Is surrogacy for me?
It is important to be up-front and say that the surrogacy process is often a demanding and emotionally taxing experience. The wait to find a surrogate can be especially demanding. Surrogacy UK will support you throughout this period but we cannot remove the uncertainty and the waiting inherent in the surrogacy process.
To be thinking about surrogacy you should be in a strong, supportive relationship. If you are approaching surrogacy because of infertility problems you need to be in a place where you have accepted these problems, and are ready to move on. You should not still be trying to become pregnant yourself if you come to Surrogacy UK. It is also useful to have fully explored other options like adoption before you decide that surrogacy is the path you wish to choose.
Why does someone want to be a surrogate?
Most Surrogates feel great empathy for Intended Parents who, for whatever reason, cannot carry a child of their own. They know the great joy their children have given them and want Intended Parents to experience this joy too. It is usually just as simple as that: we know that sounds extraordinary, but it’s true. We hope this is reflected in the following comments from some Surrogate members of Surrogacy UK:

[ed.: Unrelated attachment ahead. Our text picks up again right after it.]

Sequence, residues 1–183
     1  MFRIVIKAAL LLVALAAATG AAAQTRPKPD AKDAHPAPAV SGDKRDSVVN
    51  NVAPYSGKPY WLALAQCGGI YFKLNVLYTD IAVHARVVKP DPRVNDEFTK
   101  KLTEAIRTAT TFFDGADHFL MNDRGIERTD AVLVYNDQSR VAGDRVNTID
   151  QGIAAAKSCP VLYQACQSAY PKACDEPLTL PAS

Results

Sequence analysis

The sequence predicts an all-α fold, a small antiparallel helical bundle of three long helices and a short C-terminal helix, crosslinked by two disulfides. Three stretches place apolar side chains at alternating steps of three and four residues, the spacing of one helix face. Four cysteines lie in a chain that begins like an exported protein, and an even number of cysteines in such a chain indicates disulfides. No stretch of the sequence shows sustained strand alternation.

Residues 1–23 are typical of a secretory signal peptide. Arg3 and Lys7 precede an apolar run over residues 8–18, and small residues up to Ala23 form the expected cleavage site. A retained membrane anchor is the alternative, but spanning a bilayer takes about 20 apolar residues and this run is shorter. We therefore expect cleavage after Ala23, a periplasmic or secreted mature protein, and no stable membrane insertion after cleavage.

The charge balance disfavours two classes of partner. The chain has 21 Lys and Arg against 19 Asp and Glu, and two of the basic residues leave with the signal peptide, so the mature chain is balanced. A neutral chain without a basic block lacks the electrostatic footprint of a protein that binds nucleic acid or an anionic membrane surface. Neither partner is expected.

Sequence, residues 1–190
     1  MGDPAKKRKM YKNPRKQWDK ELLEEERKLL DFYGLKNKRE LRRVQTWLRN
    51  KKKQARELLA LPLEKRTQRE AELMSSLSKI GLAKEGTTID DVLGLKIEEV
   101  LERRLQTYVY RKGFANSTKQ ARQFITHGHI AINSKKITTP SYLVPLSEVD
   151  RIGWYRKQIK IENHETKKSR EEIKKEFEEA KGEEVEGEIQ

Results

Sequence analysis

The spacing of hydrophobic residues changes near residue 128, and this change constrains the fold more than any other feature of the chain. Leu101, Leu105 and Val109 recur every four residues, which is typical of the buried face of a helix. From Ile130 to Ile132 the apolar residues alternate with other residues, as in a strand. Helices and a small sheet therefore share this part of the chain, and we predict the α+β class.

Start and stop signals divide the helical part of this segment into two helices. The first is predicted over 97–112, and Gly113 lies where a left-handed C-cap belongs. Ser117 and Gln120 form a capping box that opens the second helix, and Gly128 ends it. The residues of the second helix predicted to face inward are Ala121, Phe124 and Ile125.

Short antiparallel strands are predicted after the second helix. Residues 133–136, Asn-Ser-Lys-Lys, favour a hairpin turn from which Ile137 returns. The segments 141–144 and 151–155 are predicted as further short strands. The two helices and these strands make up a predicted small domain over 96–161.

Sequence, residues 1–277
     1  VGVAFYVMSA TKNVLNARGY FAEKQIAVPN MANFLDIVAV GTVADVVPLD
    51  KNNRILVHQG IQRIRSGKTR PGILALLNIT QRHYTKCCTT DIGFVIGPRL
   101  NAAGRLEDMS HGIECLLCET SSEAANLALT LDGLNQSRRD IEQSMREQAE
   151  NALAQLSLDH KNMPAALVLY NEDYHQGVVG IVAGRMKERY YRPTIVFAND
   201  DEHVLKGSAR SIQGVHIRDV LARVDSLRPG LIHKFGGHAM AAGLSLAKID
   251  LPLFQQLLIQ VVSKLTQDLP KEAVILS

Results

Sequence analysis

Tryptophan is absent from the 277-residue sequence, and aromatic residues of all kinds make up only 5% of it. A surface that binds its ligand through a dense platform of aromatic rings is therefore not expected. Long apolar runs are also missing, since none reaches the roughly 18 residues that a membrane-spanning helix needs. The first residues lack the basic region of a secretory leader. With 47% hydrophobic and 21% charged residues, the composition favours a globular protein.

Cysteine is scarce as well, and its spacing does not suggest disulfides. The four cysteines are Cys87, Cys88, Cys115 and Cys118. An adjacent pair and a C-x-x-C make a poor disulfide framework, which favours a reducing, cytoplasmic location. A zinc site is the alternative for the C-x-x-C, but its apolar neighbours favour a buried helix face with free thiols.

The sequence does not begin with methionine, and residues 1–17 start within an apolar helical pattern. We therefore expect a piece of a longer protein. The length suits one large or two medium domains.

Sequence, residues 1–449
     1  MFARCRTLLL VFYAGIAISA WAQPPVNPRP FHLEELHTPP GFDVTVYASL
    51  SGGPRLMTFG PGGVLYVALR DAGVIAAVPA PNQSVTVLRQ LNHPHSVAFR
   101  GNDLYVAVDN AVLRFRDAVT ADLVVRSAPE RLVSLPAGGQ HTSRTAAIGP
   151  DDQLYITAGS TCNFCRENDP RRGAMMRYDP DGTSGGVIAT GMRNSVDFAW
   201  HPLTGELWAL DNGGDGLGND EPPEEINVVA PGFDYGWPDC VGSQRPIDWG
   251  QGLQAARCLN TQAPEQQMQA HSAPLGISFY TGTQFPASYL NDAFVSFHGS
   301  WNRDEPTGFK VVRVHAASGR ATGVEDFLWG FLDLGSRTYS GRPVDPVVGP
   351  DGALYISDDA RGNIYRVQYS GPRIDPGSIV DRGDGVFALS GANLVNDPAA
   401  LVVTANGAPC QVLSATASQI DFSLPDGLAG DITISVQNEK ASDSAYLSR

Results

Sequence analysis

“I joined Surrogacy UK two years ago after thinking about surrogacy for years. I knew there were many people out there who couldn’t have children and, although I had finished having children for myself, everything still worked and that I could help someone have a family of their own. My husband was, at first, a bit reluctant but when my son climbed on his lap and said “Daddy, I love you” he looked at me and said that he would be behind me 100%, so we had a good look around and eventually decided that the “Friendship First” basis of SUK was what we wanted so we set off on the job of trying to help “bake someone’s bun in our oven” (host surrogacy).
We have been very fortunate to have made some fantastic friends here and although our first partnership didn’t have the blessed outcome, we now have firm friends for life and wouldn’t have had that without Surrogacy UK.” (Michelle)
“[Why did I decide to become a surrogate?] This is actually a really difficult question to answer! Surrogacy has been a subject that has interested me for a number of years. We had our first child in 2002, parenthood was such a fantastic experience, we treasured every moment. When we decided to try for a second child, we struggled to conceive. After many inconclusive tests and about 4 years later we finally succeeded. Those were 4 very difficult years of not knowing if we would ever be able to have any more children. That is when the subject of surrogacy first entered my mind: knowing what we went through, and knowing that so many people are in the same situation.